This Company Uses Agricultural Waste To Make Eco-Friendly Packaging

Farmers in India produce agricultural waste that often ends up polluting the atmosphere in fires. This company is trying to eliminate the damage to air quality while also replacing plastic with a new biodegradable material.


Nov. 19 2020, Updated 9:38 p.m. ET

A German company called Bio-lutions is offering an alternative to single-use plastic and other destructive forms of packaging with a material made from agricultural waste. The eco-friendly food containers are made from the discarded mulberry leaves produced on at silk farms—and it was at the suggestion of the farmers. City Lab reports that co-founder Kurian Mathew got a call from a farmer near Bangalore who offered him the material that would otherwise go in the garbage.

“Every month, tons of mulberry leaves are left over from our pruned plants,” he said. “Would you like to use them at your factory?”

Soon they received sacks full of the dead leaves.

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Mulberry leaves aren't the only material Bio-lutions is used to working with, but they do focus on biodegradable agricultural waste. The leaves were shredded, then left out to dry outside of the company's small factory. After that they were cleaned and put through Bio-lutions patented machinery, which turns them into fibers that are pulverized into a pulp with a centrifuge. The pulp is put into a press that forms it into sheets, in various shapes that hold fruits and vegetables.

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The company also uses leftovers from wheat, rice straw, sugarcane leaves, banana stems, pineapple leaves, and tomato plant crops. The whole process uses very little energy, requires no added chemicals for breakdown, and requires between 3.7 and 5.3 quarts of water for every 2 pounds of material. And the final product is easily composted.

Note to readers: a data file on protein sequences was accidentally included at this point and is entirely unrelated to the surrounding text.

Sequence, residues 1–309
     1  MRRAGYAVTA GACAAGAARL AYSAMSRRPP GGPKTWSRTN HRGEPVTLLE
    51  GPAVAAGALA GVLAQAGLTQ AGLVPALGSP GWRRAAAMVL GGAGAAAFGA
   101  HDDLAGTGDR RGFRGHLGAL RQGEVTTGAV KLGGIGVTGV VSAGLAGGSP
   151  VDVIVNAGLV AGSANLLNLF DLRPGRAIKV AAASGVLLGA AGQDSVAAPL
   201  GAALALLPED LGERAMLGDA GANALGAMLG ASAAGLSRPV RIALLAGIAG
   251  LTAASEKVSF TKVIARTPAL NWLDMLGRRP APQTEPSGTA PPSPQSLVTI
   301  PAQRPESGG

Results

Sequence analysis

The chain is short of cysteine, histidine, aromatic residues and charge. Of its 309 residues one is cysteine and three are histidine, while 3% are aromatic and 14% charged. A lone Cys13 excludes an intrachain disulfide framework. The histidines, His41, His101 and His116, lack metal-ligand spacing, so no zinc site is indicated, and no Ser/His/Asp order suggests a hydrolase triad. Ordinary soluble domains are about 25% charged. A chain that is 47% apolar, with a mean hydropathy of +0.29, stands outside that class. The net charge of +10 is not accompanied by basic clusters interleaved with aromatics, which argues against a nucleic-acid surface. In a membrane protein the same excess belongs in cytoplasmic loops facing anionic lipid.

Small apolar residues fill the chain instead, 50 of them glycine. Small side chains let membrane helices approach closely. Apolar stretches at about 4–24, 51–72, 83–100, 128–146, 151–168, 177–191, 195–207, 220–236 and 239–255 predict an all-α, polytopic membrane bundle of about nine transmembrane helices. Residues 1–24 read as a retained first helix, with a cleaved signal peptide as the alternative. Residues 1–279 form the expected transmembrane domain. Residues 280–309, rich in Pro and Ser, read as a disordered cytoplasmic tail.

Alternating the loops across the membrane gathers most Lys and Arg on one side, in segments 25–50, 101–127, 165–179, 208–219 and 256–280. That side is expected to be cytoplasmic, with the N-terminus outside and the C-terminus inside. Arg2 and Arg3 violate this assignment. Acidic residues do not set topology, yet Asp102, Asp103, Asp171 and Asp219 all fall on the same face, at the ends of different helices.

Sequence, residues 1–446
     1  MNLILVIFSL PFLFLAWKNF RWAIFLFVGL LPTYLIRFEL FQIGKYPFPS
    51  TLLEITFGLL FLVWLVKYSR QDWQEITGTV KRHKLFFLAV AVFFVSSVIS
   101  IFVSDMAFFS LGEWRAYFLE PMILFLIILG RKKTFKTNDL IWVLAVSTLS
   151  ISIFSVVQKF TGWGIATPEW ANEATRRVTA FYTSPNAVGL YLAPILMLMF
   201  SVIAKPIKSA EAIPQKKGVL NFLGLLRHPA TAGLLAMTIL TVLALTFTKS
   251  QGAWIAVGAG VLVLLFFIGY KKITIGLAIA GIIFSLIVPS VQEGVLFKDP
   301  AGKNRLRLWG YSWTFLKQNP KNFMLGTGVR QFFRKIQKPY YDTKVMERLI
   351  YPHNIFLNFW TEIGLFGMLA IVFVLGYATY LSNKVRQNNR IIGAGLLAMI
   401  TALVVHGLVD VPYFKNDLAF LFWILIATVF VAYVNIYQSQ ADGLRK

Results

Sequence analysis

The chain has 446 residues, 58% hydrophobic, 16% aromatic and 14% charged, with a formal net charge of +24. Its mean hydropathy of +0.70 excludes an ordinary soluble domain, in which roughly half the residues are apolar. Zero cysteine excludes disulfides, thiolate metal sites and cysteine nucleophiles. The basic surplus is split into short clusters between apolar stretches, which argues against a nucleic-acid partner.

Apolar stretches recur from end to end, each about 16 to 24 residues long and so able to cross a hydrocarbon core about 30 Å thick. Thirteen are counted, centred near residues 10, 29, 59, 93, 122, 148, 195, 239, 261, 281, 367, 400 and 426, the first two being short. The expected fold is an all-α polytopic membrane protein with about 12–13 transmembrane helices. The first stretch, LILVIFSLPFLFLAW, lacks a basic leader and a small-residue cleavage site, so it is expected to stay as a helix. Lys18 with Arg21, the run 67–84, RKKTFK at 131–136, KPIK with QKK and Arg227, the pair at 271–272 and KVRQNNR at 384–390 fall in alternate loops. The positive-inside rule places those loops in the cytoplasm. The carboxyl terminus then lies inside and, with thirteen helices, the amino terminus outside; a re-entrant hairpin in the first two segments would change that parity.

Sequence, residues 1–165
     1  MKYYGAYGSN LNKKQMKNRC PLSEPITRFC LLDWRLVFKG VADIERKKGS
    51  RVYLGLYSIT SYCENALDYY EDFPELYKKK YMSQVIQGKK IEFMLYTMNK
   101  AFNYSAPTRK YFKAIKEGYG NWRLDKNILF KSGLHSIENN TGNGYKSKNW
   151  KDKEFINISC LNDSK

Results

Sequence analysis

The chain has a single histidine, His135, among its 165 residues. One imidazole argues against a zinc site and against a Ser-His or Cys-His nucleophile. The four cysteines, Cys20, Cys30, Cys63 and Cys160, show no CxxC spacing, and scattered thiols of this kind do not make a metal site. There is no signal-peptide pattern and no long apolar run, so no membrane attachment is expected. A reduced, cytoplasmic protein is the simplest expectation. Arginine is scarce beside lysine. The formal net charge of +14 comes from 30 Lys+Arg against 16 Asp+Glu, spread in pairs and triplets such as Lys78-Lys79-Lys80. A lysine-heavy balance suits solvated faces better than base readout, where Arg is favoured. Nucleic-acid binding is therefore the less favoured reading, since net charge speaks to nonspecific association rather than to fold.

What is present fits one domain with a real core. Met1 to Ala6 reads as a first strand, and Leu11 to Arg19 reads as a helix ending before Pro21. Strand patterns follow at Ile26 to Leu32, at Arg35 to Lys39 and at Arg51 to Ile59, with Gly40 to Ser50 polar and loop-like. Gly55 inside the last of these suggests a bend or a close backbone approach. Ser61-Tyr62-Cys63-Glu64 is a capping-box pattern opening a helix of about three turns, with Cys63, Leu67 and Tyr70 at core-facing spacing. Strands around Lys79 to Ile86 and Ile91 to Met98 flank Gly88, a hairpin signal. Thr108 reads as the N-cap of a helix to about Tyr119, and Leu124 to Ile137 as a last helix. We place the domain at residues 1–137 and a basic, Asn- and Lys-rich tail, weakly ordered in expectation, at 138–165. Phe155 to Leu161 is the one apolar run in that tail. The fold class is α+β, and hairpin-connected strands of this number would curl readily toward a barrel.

“Our products are like leaves: They biodegrade in three months,” Mathew said. “We’re just giving another life to agricultural residue by converting it into something usable.”

It's significant to Bio-lutions founders that their factory can function in India; a study from 2017 stated that there are ten main rivers that push plastic waste into the ocean, and three of them run through the country. There is also an issue with air quality from farmers burning crop leftovers exactly like what is being processed in Bio-lutions assembly line. The "stubble-burning" clears fields for the next crop, though it could potentially be used for other things, like animal feed, or tilled back into the soil.

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Stubble-burning is less demanding from a labor perspective. Bio-lutions is incentivizing farmers to change their habits by paying for the agricultural waste. The company is hoping to move even closer to farmland with a new factory in an agricultural district called Mandya. This would reduce the cost of transporting the waste and also reduce the carbon footprint of that transport.

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Right now, the Bio-Lutkions packaging is slightly more expensive than plastic, but it's still finding a market, mostly in online grocery stores. According to Mathew, their new factory will employ 60 people and they estimate they can make as much as €2.5 million based on the orders they already have for the year. They're also looking at expansion.

“We need to set up at least 10 factories in just one agricultural district of Punjab to consume all their residue,” Mathews said.

There are a number of innovative packaging experiments happening now, as companies seek a way to reduce their dependency on plastic. Bio-lutions is a great example of how these solutions can potentially fit into the regional patterns of a place without significantly disrupting it—except in a  good way.

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